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Annales Geophysicae An interactive open-access journal of the European Geosciences Union
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Volume 36, issue 5 | Copyright
Ann. Geophys., 36, 1267-1274, 2018
https://doi.org/10.5194/angeo-36-1267-2018
© Author(s) 2018. This work is distributed under
the Creative Commons Attribution 4.0 License.

Regular paper 25 Sep 2018

Regular paper | 25 Sep 2018

Meteor echo height ceiling effect and mesospheric temperature estimation from meteor radar observations

Changsup Lee, Geonhwa Jee, Jeong-Han Kim, and In-Sun Song Changsup Lee et al.
  • Korea Polar Research Institute, Incheon, South Korea

Abstract. The mesospheric temperature estimation from meteor height distribution is reevaluated by using the Sounding of the Atmosphere using Broadband Emission Radiometry (SABER) and the King Sejong Station (KSS) meteor radar observations. It is found that the experimentally determined proportionality constant between the full width at half maximum (FWHM) of the meteor height distribution and temperature is in remarkable agreement with theoretical value derived from the physics-based equation and it is nearly time-invariant for the entire observation period of 2012–2016. Furthermore, for the first time we found that the FWHM provides the best estimate of temperature at slightly lower height than the meteor peak height (MPH) by about 2–3km. This is related to the asymmetric distribution of meteor echoes around MPH, which is known to be caused by the meteor echo height ceiling effect (MHC). At higher altitude above MPH, the meteor detection rate is greatly reduced due to the MHC, and the cutoff height for this reduction follows a fixed molecular mean free path of the background atmosphere. This result indicates that the meteor height distribution can be used to estimate the mesospheric temperature, even under the asymmetric meteor echo distribution caused by the MHC at high altitude.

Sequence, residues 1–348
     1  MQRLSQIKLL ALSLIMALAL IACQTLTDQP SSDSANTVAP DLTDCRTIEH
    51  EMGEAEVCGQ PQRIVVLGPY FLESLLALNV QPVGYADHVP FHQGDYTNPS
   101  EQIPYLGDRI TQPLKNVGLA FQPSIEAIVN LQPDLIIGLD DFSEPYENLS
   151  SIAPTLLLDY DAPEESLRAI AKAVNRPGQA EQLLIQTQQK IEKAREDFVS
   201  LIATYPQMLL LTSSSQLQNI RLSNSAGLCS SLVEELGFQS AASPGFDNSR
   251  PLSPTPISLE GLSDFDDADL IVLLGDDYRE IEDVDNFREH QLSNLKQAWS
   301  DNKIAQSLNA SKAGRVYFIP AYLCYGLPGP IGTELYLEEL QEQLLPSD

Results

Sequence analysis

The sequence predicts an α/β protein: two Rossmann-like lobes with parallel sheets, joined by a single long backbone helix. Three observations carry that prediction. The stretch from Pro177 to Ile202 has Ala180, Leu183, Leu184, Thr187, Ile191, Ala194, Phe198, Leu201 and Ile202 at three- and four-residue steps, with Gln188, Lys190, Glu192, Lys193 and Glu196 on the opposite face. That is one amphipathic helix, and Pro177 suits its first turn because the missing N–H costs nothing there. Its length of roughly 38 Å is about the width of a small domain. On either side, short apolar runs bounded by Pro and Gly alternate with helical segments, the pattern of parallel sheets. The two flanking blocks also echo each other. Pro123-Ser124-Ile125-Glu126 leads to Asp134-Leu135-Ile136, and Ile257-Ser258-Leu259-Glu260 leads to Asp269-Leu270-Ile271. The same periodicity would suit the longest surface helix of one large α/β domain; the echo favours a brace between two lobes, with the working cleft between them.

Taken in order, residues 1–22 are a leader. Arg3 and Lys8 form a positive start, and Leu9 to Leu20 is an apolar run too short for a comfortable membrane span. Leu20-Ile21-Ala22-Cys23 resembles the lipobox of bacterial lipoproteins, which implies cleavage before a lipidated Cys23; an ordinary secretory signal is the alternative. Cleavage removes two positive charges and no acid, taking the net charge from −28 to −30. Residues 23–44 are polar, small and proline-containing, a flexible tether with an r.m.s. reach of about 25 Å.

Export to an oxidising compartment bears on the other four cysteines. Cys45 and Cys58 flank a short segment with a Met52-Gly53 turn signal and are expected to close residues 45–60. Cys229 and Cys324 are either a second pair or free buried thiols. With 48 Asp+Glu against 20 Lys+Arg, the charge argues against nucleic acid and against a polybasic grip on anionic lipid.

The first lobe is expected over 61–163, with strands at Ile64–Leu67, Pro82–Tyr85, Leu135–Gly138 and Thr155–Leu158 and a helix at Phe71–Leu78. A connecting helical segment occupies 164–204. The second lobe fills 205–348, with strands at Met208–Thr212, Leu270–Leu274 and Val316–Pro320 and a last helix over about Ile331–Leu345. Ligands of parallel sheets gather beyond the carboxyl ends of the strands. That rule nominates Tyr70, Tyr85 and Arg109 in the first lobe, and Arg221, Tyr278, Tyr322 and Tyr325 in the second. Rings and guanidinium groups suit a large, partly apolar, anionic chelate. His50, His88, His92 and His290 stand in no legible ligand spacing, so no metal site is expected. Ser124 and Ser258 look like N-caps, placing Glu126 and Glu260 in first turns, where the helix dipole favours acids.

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This study shows the width of the meteor height distribution (FWHM) is well correlated with the atmospheric pressure, not only experimentally but theoretically. From the correlation analysis, we found that the FWHM provides the best estimation of the temperature at the height layer below the meteor peak height by 2–3 km. We also proved a meteor echo height ceiling effect (MHC) is primarily controlled by the atmospheric conditions, and this enables the FWHM to estimate the temperature accurately.
This study shows the width of the meteor height distribution (FWHM) is well correlated with the...
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